You love the team. You love the coach. There is so much sentimentality built up in your fandom; history and memories cached in your brain (and heart) since you first became a fan. Your player, your idol. The one whose jersey you own, you wear on game day, you never wash…
The season where your team is supposed to win it all but comes up short.
Your player traded/retires/takes a lesser role. The coach moves on. Player and personnel moves start happening, none of them really making any sense to you. Panic. Identify is being traded away with the team.
Rebuilding… we trust in executives, those who know “the business” to build up another roster that will help us be better. Our team focus has changed. Our point of attack is younger and more athletic. Our strategies have changed to be faster, versatile, cheaper…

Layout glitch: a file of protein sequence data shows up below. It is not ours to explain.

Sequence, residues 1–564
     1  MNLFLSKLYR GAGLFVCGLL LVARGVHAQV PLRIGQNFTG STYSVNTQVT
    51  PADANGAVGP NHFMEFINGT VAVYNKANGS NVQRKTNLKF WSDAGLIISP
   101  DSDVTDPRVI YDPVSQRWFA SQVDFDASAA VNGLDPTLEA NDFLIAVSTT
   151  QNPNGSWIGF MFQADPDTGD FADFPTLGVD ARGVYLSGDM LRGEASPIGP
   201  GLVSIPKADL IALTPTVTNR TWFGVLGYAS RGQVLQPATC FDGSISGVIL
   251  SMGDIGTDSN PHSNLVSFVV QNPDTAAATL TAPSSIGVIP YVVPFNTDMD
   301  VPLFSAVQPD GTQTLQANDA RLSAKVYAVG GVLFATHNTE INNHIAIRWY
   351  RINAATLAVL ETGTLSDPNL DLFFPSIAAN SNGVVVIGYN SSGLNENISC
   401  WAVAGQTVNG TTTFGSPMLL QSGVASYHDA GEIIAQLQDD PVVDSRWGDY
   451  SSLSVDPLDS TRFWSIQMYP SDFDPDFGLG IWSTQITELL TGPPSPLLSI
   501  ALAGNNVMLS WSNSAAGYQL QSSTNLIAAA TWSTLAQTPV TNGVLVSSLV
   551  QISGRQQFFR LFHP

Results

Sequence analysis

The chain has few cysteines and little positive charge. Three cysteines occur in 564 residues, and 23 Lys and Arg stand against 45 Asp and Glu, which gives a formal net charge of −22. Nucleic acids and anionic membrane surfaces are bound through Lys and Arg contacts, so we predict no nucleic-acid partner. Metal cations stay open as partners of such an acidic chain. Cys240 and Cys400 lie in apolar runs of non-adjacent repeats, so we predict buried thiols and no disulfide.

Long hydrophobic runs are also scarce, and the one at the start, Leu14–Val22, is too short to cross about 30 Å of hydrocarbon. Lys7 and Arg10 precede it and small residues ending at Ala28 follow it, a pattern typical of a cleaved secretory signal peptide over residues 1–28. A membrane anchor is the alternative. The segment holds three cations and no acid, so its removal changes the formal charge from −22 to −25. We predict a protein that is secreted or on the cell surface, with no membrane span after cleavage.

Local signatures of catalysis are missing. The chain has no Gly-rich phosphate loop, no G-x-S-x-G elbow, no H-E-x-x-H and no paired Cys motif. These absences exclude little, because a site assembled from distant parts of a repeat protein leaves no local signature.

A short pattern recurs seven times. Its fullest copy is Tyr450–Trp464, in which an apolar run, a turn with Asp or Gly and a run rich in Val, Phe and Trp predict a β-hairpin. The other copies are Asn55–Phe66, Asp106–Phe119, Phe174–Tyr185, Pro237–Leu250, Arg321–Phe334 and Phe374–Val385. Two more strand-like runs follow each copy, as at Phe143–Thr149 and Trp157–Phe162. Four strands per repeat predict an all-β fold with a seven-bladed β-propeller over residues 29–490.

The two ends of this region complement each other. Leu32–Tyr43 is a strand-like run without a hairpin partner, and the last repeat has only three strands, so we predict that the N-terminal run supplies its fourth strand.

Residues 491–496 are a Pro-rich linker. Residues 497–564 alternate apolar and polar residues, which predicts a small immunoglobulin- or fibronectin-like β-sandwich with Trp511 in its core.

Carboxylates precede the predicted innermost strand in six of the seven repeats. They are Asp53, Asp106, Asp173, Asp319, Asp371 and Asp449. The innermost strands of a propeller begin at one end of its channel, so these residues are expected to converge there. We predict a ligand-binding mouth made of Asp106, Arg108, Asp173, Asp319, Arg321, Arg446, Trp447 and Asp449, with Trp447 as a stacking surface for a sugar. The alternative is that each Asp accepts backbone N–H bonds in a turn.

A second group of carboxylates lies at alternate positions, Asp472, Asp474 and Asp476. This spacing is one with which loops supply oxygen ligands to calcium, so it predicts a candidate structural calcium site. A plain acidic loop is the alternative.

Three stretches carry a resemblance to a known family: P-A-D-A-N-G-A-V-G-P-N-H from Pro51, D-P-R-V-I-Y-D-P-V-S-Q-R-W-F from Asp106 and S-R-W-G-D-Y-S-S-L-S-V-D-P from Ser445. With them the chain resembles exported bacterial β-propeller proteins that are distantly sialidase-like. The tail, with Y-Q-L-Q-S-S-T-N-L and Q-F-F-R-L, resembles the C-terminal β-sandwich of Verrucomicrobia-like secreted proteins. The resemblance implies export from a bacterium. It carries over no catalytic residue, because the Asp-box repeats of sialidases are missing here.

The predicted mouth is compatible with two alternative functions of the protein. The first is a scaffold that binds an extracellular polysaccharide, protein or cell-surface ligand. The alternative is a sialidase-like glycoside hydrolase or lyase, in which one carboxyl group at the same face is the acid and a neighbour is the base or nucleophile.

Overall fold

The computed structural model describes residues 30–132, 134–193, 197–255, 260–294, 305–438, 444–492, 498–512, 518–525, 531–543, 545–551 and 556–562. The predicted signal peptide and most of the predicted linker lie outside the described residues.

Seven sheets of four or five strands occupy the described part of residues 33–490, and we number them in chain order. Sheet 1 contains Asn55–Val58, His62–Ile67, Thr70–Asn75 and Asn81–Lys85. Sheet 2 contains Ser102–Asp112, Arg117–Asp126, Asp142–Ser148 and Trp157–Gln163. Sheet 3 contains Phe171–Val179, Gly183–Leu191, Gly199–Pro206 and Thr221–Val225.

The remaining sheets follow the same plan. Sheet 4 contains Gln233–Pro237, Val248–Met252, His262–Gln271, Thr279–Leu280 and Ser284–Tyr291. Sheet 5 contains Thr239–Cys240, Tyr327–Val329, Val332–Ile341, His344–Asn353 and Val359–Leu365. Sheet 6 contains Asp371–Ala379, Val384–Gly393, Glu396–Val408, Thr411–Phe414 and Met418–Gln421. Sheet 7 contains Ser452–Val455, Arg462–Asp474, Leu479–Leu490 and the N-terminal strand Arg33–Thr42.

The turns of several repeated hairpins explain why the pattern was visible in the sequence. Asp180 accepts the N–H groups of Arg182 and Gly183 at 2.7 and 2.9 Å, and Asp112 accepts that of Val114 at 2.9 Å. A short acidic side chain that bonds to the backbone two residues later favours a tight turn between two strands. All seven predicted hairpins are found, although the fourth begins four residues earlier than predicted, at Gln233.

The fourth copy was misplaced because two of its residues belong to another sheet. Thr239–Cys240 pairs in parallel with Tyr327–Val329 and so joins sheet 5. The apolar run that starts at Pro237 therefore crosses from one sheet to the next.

Painful. Everything is different. Scores are lower than you are used to. Plays aren’t executed with efficiency. The team chemistry isn’t there. The team record is horrible. The new coach keeps citing “we’re improving every day” and “we have a lot to learn from this loss” and “they’re progressing just as I had hoped for”. And you question the coach (and the management) because no! They’re not progressing. They’re not learning. They’re not winning like they used to. Painful.
So painful. You suffer through season after season. You watch others enjoy success. You are jealous. You even begin to resent your team even more. Perhaps you even consider switching fandom. So painful.
A few years later, you realize that you love the team. You love the coach. There is more sentimentality built up within your fandom.
Your player, your idol, the one whose jersey you own. You wear on game day. You never wash… now has a different jersey number.
Maybe there are more cycles of the above. Or maybe it happens right away but, you start seeing your team be successful again. And you find new, different things to love about them. And you build more memories and experience more joy from more perspectives. You love the game. You love the team.
You just hate the rebuilding process itself.
Note: this is an analogy for my professional career and current/recent events.